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Permanent electioneering


The veteran Vincentian calypso bard and cultural icon, Sulle, has, among his classics, a composition called “Permanent Carnival,” referring to the political situation in this country. In the three decades that have elapsed since he wrote the song, and particularly since the cliffhanging general elections of 1998, one could very well characterize St Vincent and the Grenadines (SVG) as being in a state of “permanent elections.”

Hardly a week passes by without some political controversy, with bearing on the possibility of “new elections”, so much so that our country can be considered to be in a state of “permanent campaigning.” The close outcome of the 2015 elections, the second successive 8-7 result, and recent moral victories for the Opposition New Democratic Party (NDP) in its court battles challenging the results in two constituencies have added to the drama. That party continues to take the line that “victory is imminent” and that the Government is bound to call new elections, either of a by-election nature or general elections, soon. To add to this, Prime Minister Dr Ralph Gonsalves has himself either hinted at, or indeed threatened to call new elections.

It should therefore be no surprise that the NDP is preparing itself for such a challenge. In so doing, it has to address some issues surrounding its choice of candidates. One of its prominent candidates, former party chair Dr Linton Lewis, a perennial loser in both constituencies in the St George parish, has given up on his partisan political aspirations, meaning that the NDP must find a replacement for the East St George constituency. Dr Lewis is fulfilling an academic contract in the region.

Coincidentally, in the neighbouring West St George constituency, the NDP’s candidate in the last elections, Dr Julian Ferdinand, has announced that he too is stepping away from the electoral fray, to pursue a teaching contract as well. This leaves the NDP to find two candidates for formidable battles, against incumbents Camillo Gonsalves (East St George) and Cecil McKie (West St George).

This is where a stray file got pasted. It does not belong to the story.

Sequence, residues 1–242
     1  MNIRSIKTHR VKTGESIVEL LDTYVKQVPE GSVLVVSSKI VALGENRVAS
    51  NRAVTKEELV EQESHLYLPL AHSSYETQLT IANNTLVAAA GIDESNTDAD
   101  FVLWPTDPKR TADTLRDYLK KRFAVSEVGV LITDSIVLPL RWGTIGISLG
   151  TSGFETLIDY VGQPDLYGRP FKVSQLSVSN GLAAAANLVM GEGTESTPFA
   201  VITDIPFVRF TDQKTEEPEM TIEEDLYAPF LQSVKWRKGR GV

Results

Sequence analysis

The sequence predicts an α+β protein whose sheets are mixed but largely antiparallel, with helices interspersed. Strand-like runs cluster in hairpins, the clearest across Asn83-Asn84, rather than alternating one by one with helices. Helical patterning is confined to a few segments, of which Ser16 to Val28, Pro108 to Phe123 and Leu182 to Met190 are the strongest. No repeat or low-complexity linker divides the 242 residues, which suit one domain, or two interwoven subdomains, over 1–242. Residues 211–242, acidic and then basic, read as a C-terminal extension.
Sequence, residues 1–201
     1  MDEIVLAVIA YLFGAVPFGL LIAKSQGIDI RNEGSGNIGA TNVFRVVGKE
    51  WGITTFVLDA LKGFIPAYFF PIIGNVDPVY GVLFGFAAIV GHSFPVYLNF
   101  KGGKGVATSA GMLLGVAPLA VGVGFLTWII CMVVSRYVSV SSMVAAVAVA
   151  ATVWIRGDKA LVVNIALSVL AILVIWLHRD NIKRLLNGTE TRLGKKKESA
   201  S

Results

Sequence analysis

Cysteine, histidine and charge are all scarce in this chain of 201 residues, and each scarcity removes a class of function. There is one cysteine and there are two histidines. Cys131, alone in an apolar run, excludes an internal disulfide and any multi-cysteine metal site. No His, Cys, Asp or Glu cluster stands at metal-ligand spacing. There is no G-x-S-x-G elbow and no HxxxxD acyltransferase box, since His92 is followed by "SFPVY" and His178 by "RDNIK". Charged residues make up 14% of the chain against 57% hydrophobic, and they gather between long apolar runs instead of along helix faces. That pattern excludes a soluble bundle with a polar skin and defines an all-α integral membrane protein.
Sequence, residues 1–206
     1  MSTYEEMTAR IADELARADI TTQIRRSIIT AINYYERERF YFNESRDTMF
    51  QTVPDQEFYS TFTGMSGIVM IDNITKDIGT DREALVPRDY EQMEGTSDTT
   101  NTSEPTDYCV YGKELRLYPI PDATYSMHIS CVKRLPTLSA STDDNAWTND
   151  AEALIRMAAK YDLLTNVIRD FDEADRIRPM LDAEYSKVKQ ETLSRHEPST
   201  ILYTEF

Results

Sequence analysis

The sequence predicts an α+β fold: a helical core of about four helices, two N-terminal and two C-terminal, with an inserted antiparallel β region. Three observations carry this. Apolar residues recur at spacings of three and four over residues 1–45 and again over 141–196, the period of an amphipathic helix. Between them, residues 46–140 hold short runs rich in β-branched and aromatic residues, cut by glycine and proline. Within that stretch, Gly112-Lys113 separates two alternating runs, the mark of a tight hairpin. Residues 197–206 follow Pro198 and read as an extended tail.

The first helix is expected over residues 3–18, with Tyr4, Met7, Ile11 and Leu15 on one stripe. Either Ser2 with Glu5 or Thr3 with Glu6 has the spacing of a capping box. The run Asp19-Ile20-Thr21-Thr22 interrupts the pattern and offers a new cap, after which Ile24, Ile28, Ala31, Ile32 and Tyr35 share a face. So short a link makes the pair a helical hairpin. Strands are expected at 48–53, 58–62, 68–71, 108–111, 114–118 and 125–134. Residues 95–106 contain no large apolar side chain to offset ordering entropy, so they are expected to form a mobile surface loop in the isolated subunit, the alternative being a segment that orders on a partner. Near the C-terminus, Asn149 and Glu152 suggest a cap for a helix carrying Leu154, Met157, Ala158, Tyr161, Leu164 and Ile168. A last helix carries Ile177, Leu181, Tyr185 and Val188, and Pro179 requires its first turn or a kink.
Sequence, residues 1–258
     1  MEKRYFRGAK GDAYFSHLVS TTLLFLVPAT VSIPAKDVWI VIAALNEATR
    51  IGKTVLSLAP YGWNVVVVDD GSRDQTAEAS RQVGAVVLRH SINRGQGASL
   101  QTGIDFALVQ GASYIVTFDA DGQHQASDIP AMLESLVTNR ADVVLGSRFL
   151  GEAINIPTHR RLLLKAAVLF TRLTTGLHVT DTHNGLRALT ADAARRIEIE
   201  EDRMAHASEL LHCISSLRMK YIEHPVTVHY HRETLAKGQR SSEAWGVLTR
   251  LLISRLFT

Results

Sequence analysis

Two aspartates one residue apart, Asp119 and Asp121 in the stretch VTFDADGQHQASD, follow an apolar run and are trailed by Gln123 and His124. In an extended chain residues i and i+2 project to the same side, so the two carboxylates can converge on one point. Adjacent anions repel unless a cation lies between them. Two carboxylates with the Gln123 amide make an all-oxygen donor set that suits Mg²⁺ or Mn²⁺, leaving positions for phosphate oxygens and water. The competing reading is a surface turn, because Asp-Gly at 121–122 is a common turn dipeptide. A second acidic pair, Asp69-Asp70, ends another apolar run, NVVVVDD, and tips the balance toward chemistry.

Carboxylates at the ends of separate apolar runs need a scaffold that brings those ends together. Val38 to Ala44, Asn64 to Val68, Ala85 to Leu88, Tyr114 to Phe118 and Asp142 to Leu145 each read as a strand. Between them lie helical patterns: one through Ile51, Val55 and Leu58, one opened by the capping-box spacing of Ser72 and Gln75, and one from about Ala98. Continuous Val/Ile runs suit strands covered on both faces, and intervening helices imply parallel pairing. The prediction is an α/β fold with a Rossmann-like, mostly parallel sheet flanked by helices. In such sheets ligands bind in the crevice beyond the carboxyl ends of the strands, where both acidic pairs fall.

Unfortunately, after the announcement that radio announcer Colin Graham had been selected by the constituency council to contest the East St George seat, his candidacy became embroiled in controversy, following allegations of domestic abuse, which he later admitted to. Graham has now backed down from candidacy. There has also been speculation that prominent barrister Kay Bacchus-Baptiste, a staunch critic of the Government, is being considered for candidacy in West St George; she has not denied interest in contesting the seat.

The events of the past week have been yet another reminder to all prospective and ambitious political aspirants of the brutal nature of electoral politics in countries like ours and the degree to which their personal lives come into public scrutiny, for good reason or otherwise. But above all, with the election petitions due for hearing and the contention by the Opposition that the Government will have to call elections rather than face the outcome of those hearings, we may well be in store for yet another election campaign.

Are the parties ready for such a contest? Is the electorate prepared for all that a campaign brings? Will the outcome at last end the ongoing controversies?